A court has jurisdiction to modify the terms of a property settlement agreement only if the agreement is merged into the judgment and decree of divorce. Roesbery v. Roesbery, 88 Idaho 514, 521, 401 P.2d 805, 809 (1965). We have previously held that the question of merger or non-merger is determined by ascertaining the intent of the parties at the time of the divorce. Compton v. Compton, 101 Idaho 328, 332, 612 P.2d 1175, 1179 (1980). We hold that the Agreement was not merged into the Decree. In reaching this result, we expressly disaffirm the proposition that the parties' intent with respect to merger is established by looking at the language of both the decree of divorce and the property settlement agreement without first finding that the language in the decree is ambiguous. The proper analysis is to look first only to the four corners of the divorce decree. If the language of the decree clearly and unambiguously holds the property settlement agreement is not merged, the inquiry is at an end. The court's inquiry will move beyond the four corners of the decree to the property settlement agreement only when the decree is ambiguous and reasonably susceptible to conflicting interpretations.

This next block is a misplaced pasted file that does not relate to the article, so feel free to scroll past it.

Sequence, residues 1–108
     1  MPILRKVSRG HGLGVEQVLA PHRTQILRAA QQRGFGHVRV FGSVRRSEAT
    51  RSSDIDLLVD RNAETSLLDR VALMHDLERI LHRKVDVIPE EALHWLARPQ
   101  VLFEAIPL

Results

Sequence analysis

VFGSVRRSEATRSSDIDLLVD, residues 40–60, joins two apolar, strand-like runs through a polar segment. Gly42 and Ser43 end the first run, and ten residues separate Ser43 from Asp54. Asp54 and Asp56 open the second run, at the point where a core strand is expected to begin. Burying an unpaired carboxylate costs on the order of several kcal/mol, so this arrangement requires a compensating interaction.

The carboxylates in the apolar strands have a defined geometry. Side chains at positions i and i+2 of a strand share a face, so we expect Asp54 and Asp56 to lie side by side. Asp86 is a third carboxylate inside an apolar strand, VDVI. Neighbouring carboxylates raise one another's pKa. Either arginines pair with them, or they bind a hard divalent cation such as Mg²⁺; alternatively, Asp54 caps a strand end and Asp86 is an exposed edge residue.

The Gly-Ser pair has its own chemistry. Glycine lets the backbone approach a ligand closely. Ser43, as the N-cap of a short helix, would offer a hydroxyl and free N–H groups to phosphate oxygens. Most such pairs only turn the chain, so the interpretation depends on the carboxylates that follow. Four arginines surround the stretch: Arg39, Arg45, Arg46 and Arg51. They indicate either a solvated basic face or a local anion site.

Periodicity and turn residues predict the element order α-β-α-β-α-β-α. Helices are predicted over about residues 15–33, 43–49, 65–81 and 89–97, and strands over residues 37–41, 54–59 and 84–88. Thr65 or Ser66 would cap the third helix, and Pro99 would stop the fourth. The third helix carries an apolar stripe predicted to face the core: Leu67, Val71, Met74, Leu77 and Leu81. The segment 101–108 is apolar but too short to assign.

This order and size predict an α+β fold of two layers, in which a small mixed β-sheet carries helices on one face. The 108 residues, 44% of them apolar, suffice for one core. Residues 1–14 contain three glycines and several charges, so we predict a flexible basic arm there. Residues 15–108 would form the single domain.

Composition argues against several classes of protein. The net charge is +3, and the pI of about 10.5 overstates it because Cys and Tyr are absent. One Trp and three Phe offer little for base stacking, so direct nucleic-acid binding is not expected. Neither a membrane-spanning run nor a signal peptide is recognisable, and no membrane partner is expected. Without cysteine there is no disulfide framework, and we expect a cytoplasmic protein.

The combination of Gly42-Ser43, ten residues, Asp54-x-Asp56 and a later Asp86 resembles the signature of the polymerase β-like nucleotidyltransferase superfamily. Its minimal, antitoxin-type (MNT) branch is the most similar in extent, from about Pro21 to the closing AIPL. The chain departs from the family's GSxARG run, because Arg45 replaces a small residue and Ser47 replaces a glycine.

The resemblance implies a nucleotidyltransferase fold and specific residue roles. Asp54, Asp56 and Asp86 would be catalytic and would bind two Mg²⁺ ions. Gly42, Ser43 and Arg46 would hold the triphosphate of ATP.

An important principle drives this holding-private stipulations cannot circumvent court orders. Even when a contractual property settlement agreement is approved by a court, the court still retains the prerogative to accept or reject the merger of the property settlement agreement with the divorce decree. If the court's decree is unambiguous, but mistaken, with respect to merger, the parties have an inherent safeguard in the form of Idaho Rule of Civil Procedure 60(a), pursuant to which a party may request the court to correct a clerical mistake.*fn1 Idaho R. Civ. P. 60(a). With this protection already in place, there is no reason for a court to consider the language of a property settlement agreement when there is an unambiguous decree stating that the agreement is not merged. Neither party moved to correct the Decree here, so we must assume no mistake was made.

In this case, the Decree unambiguously states that the Agreement ―is not merged nor incorporated‖ into the Decree. Because the magistrate court's holding with respect to merger is clear and unambiguous, this Court will give effect to it. Therefore, there was no merger in this case, and the Agreement did not become an operative part of the Decree. Consequently, the court was without jurisdiction to modify the terms of the Agreement.

C. Jurisdiction to Enforce the Agreement